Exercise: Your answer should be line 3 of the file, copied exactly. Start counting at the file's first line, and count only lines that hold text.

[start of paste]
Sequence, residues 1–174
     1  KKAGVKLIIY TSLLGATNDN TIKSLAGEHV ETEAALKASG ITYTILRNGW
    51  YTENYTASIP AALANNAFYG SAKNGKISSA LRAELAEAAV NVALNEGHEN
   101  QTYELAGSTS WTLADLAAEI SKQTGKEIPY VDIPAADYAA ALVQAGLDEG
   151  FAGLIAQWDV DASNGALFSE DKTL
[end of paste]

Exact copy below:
    51  YTENYTASIP AALANNAFYG SAKNGKISSA LRAELAEAAV NVALNEGHEN